If you want to get the maximum value out of your food, so you can eat less but still feel completely satisfied, here are some tips to improve digestion.

1.    I know you’ve heard this before, but it is SO important that it bears repeating: CHEW, CHEW, CHEW. This means both slowly and thoroughly. To be totally graphic about it, you want anything you swallow to be a soupy consistency. Especially meat. For starters, digestion starts in the mouth. There are thousands of tiny neuro-receptors in the mouth that send messages to the brain about what is about to come down the pike. These messages “prep” the entire digestive system to gear up for the meal or snack that’s on the way. Fatty foods will trigger the liver to produce extra bile, and cause the gallbladder to contract. The gallbladder is a handy little sack that hangs just under the liver, collecting an extra repository of bile in case you have a Mac-attack. Bile is extremely potent stuff (so precious to the body that 95% is recycled — the other 5% is responsible for the wonderful deep brown color of a healthy bowel movement). Bile is the main agent for digesting fat. But I’m getting a little ahead of myself. Back to the mouth. Unlike cows, birds and certain lizards, we mere humans do NOT have small sharp objects in our stomachs to help pulverize food into smaller morsels. We have those small sharp objects in our mouths — they are called teeth. Please USE your teeth to grind and pulverize every mouthful of food. Then, you mix the thoroughly pulverized food with as much saliva as you can muster without drooling.  Saliva is loaded with amylase, the starch-digesting enzyme. You want that saliva-drenched, well-chewed food, to head down the esophagus and into the stomach where the next phase of good digestion occurs.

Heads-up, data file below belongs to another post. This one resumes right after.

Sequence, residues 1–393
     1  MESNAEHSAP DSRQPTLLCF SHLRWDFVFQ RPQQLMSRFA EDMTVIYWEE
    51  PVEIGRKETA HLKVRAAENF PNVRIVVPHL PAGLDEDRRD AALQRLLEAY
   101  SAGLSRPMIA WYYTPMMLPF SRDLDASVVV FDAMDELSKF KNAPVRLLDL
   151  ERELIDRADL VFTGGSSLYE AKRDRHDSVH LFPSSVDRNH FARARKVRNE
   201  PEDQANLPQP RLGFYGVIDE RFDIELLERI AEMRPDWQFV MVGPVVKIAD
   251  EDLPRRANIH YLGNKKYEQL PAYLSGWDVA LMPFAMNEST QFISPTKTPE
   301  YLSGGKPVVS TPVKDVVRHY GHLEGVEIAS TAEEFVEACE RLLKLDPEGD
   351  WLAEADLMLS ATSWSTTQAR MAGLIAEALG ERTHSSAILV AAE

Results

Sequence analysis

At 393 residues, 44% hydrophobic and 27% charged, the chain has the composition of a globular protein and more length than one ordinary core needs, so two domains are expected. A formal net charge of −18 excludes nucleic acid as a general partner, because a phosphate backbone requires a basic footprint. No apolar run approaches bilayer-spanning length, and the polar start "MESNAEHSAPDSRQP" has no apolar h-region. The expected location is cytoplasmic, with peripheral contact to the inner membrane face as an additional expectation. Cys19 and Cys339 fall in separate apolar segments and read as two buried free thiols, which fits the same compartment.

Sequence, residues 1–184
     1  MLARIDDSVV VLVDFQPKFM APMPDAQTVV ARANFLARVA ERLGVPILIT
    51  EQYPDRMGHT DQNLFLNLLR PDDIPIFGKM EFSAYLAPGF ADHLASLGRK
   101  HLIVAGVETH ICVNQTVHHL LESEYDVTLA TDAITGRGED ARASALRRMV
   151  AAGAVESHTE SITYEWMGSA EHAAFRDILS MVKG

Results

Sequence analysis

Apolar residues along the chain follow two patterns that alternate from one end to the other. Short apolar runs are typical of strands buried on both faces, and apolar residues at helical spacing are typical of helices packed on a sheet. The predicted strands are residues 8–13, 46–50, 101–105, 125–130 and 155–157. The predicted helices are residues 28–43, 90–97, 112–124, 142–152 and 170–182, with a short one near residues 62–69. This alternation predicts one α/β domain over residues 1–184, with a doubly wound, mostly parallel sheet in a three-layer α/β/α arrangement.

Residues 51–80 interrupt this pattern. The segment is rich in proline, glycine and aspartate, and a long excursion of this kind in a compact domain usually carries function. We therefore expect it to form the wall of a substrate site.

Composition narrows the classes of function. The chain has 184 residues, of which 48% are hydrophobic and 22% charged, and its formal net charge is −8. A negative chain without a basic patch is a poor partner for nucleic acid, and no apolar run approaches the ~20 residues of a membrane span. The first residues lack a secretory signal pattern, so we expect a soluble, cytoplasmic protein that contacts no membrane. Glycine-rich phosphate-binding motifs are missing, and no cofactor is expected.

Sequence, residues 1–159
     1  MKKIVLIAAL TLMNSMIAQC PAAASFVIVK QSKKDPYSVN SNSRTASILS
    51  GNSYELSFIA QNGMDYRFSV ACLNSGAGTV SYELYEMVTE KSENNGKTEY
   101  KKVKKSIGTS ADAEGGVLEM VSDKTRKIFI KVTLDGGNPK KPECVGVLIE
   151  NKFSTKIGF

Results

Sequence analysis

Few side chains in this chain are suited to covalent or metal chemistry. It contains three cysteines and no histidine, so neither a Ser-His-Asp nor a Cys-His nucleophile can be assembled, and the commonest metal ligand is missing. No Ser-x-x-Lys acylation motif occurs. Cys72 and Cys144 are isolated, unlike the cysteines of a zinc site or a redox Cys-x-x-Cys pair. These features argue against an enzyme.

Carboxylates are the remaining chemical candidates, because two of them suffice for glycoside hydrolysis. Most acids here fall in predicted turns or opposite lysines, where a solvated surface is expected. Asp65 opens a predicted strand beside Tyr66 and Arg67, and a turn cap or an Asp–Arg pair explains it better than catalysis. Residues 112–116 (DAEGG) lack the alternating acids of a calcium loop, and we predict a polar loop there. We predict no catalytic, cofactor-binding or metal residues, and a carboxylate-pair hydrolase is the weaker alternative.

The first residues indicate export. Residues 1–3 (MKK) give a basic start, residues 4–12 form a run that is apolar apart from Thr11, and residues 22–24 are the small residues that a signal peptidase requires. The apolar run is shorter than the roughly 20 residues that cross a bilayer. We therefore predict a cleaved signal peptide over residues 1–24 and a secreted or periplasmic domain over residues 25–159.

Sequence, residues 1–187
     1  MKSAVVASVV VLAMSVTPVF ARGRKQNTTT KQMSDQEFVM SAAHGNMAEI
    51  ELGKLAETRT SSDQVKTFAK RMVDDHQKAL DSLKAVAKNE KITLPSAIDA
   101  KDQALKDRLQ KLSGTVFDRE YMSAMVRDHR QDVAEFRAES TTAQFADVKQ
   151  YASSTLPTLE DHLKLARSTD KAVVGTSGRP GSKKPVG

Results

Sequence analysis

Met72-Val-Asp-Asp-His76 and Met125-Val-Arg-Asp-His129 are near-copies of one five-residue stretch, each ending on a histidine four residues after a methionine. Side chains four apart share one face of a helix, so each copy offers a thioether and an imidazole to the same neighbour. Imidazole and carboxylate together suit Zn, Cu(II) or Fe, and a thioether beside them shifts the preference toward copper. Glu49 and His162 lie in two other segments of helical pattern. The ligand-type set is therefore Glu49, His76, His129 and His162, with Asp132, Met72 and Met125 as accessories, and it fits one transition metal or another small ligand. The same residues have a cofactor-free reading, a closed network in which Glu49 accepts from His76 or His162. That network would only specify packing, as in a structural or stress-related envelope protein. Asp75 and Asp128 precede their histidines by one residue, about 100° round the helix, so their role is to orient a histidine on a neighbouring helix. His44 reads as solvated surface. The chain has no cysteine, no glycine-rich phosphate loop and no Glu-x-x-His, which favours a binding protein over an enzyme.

2.    There’s a helpful and entertaining book by Jonathan Wright MD called “You NEED Your Stomach Acid”. Stomach acid serves three critical functions. It sterilizes food, it breaks down protein into amino acids which can then be absorbed into the blood stream, and it provokes the pancreas to dump “neutralizing” bicarbonate of soda into the upper small intestine to allow the absorption of nutrients into the blood stream.  If you suffer from heartburn, you need to repair the sphincter between the end of the esophagus and the stomach. If you have gastric ulcers, you need to heal the lining of the stomach so that it can again accommodate the acid levels required for proper digestion. Folks chronically popping antacids eventually impair their digestion, which leads to poor nutrient absorption, which ultimately leads to malnutrition including protein, mineral and vitamin deficiencies — despite plenty of calories.